The CJN Daily is written and hosted by Ellin Bessner (@ebessner on Twitter). Zachary Kauffman is the producer. Michael Fraiman is the executive producer. Production assistance by Gabrielle Nadler and YuZhu Mou. Our theme music is by Dov Beck-Levine. Our title sponsor is Metropia. We're a member of The CJN Podcast Network. To learn how to support the show by subscribing to this podcast, please watch this video.

    • 15 min
    At nearly 80 years old, Gary Averbach is trekking 1,000km across Canada for cancer research

    At nearly 80 years old, Gary Averbach is trekking 1,000km across Canada for cancer research

    Gary Averbach left Calgary on a mission. The 79-year-old real estate mogul, based in Vancouver, is currently trekking through 40-degree heat waves across the Rockies from Calgary to his home city to raise money for cancer research. He's about three-quarters of the way there—his goal is to arrive home by mid-August, just shy of his 80th birthday, and to have raised $500,000 in the process.

    The project stemmed from a promise Averbach made last summer to his late cousin and business partner, Robert Golden, who passed away from bone cancer. After Averbach lost two more cousins and his housekeeper to cancer this spring, he decided to embark on the journey to raise money for a good cause, while also ticking off a bucket-list adventure.

    Averbach spoke to The CJN Daily from Boston Bar, B.C., around 45 kilometres south of Lytton, where he stopped after completing another daily 24-km hike.

    What we talked about:


    Follow Averbach's journey
    Find Miriam Libicki's comics on her website, or read about her in The CJN (from 2017)

    Credits

    The CJN Daily is written and hosted by Ellin Bessner (@ebessner on Twitter). Zachary Kauffman is the producer. Michael Fraiman is the executive producer. Production assistance by Gabrielle Nadler and YuZhu Mou. Our theme music is by Dov Beck-Levine. Our title sponsor is Metropia. We're a member of The CJN Podcast Network. To learn how to support the show by subscribing to this podcast, please watch this video.

    • 14 min
    The butterfly effect: Why the endangered monarch is a Jewish issue

    The butterfly effect: Why the endangered monarch is a Jewish issue

    Last week, an international conservation body declared the monarch butterfly an endangered species. But that didn't surprise Carol Pasternak, who writes under the pseudonym "The Monarch Crusader". For years, she's used her garden in Toronto as a launching pad to teach Canadians about the importance and habits of monarchs, which—like many Canadian Jews—spend their winters flying thousands of kilometres south to warmer climes.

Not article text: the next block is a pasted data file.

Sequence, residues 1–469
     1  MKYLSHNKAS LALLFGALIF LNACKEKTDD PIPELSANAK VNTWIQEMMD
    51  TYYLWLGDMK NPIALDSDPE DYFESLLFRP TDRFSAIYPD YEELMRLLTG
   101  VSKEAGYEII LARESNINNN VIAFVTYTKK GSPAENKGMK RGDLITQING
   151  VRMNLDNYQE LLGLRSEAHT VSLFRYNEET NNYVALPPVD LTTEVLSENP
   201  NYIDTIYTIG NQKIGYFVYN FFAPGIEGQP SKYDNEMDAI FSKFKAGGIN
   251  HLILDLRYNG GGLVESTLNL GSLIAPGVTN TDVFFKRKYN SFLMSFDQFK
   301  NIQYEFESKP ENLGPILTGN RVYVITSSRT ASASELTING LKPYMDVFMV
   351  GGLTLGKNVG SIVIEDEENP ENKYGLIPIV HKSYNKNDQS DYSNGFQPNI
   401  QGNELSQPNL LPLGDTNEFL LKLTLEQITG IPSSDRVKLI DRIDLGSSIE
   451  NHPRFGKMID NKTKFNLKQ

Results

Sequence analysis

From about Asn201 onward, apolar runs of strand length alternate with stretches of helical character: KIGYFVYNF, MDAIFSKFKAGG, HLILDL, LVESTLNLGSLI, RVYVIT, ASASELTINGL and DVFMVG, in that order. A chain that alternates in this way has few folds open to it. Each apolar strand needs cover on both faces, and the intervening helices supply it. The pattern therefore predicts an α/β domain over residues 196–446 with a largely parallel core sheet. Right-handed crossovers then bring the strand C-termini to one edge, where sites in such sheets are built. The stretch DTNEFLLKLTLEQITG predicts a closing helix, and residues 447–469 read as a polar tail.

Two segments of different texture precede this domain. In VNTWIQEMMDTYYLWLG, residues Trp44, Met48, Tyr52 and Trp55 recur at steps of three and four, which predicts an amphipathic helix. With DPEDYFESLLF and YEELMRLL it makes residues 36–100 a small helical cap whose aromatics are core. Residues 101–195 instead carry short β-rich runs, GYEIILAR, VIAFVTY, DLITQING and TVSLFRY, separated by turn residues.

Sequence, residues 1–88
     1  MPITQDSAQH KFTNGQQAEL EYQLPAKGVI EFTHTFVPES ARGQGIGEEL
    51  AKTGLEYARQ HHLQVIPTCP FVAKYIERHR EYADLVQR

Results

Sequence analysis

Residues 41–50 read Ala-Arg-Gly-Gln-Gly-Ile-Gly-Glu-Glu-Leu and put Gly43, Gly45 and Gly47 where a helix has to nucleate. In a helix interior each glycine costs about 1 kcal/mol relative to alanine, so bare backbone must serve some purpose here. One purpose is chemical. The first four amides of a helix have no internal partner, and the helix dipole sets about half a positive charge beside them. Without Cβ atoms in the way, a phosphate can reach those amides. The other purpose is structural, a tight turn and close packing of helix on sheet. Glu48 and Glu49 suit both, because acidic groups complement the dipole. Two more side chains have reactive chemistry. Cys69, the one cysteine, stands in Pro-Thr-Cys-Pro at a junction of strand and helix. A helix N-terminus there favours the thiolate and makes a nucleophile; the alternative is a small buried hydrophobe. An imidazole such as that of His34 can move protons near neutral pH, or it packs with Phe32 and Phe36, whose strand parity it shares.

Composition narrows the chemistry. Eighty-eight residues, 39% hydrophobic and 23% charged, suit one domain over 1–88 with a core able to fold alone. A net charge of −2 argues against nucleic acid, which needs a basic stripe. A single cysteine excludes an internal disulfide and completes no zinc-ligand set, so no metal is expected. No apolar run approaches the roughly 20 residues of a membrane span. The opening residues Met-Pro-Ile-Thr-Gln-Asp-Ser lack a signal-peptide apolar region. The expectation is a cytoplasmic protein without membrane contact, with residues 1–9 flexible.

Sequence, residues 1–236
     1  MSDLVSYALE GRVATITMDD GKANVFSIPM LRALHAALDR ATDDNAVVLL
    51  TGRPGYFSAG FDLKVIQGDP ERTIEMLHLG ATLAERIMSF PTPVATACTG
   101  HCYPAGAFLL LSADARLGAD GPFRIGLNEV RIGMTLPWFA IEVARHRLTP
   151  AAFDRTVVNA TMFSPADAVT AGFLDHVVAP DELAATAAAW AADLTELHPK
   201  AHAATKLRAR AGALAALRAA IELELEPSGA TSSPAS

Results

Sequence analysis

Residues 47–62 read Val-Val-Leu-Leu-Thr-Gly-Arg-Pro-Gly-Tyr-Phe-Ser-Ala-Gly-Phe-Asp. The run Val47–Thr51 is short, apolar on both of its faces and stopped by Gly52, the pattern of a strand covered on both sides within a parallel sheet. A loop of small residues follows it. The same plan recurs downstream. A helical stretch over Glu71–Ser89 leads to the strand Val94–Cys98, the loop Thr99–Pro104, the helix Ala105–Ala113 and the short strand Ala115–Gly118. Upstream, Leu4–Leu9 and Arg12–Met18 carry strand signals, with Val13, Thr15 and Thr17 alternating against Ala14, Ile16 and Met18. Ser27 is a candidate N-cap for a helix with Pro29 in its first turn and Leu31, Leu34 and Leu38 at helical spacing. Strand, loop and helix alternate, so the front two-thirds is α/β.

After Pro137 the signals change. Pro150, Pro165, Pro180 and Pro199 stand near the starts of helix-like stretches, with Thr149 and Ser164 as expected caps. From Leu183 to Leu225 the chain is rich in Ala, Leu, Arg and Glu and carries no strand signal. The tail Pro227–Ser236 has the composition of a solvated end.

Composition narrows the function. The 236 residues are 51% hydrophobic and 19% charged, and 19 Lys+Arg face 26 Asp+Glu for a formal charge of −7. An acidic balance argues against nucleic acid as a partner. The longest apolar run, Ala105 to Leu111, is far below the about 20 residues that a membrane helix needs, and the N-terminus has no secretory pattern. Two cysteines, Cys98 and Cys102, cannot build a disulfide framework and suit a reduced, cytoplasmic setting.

Yet between climate change and rampant real estate development, butterfly habitats have been decimated in recent decades, and the insect's population has decreased 75 percent, according to some estimates. That's why Pasternak has transformed her townhouse lawn into a monarch waystation, filled with milkweed and other pollen-packed flowers that help the creatures lay new eggs. The CJN Daily team had the chance to visit Pasternak at her home to better understand the crisis, the solutions and why the species' endangerment is a Jewish issue.

    What we talked about:


    Learn more about The Monarch Crusader
    Join the Monarch Blitz
    Hear the CJN Daily episode with magician Ben Train

    Credits

    The CJN Daily is written and hosted by Ellin Bessner (@ebessner on Twitter). Zachary Kauffman is the producer. Michael Fraiman is the executive producer. Production assistance by Gabrielle Nadler and YuZhu Mou. Our theme music is by Dov Beck-Levine. Our title sponsor is Metropia. We're a member of The CJN Podcast Network. To learn how to support the show by subscribing to this podcast, please watch this video.

    • 14 min
    Go behind the scenes of Zach Hyman's very Jewish charity golf tournament

    Go behind the scenes of Zach Hyman's very Jewish charity golf tournament

    After the Edmonton Oilers lost four straight games in the conference finals to the Colorado Avalanche this past June, star player Zach Hyman returned to his hometown of Toronto with his family. There's plenty filling his busy schedule—including the birth of his second child any day now—but one keystone event was his annual celebrity golf tournament, which aimed to raise $350,000 for Jewish Federations in Edmonton and Toronto, as well as Sick Kids Hospital.

    The CJN Daily visited the Oakdale golf club to catch the action and join the media scrum with Zach Hyman, who brought his NHL friends Connor McDavid, Mitch Marner, Jake Muzzin and Darnell Nurse. And while most of the reporters there wanted to talk hockey, we were able to speak to Hyman about his Jewish identity and what it means to give back to Edmonton's community.

    Plus, we spoke with several Jewish attendees about what the event, and Hyman's involvement, means to them.

    What we talked about:


    Learn about the Zach Hyman Celebrity Classic at hymanhelps.com

    Credits

    The CJN Daily is written and hosted by Ellin Bessner (@ebessner on Twitter). Zachary Kauffman is the producer. Michael Fraiman is the executive producer. Production assistance by Gabrielle Nadler and YuZhu Mou. Our theme music is by Dov Beck-Levine. Our title sponsor is Metropia. We're a member of The CJN Podcast Network. To learn how to support the show by subscribing to this podcast, please watch this video.

    • 11 min

Customer Reviews

4.4 out of 5
19 Ratings

19 Ratings

OT in TO ,

Relevant updates

Appreciate the relevance of the topics to current event impacting the Jewish community & world at large in this concise format.

MF432 ,

Very professionally done

Ellin is an excellent host, very brisk and asks concise questions. Good qualities for a daily newscast. I appreciate the depth in which she goes into every topic. Mazel tov!